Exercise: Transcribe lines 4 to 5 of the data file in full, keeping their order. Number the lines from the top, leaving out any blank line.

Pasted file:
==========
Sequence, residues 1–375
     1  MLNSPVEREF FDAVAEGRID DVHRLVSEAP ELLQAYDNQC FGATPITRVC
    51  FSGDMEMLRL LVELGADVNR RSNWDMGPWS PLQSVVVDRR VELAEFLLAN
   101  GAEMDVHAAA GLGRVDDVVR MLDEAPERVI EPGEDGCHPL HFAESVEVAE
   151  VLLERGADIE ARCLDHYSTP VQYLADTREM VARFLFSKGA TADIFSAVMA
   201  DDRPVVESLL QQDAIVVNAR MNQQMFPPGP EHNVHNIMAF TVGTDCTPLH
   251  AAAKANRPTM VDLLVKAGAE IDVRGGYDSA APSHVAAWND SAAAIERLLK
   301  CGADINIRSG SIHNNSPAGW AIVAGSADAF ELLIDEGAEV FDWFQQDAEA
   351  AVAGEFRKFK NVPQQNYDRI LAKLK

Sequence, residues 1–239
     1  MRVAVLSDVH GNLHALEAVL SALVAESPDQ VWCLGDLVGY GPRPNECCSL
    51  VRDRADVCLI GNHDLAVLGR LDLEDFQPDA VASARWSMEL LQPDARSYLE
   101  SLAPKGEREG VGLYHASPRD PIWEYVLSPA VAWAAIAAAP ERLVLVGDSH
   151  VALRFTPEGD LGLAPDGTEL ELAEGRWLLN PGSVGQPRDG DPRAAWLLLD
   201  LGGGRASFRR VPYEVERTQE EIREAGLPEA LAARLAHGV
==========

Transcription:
   101  GAEMDVHAAA GLGRVDDVVR MLDEAPERVI EPGEDGCHPL HFAESVEVAE
   151  VLLERGADIE ARCLDHYSTP VQYLADTREM VARFLFSKGA TADIFSAVMA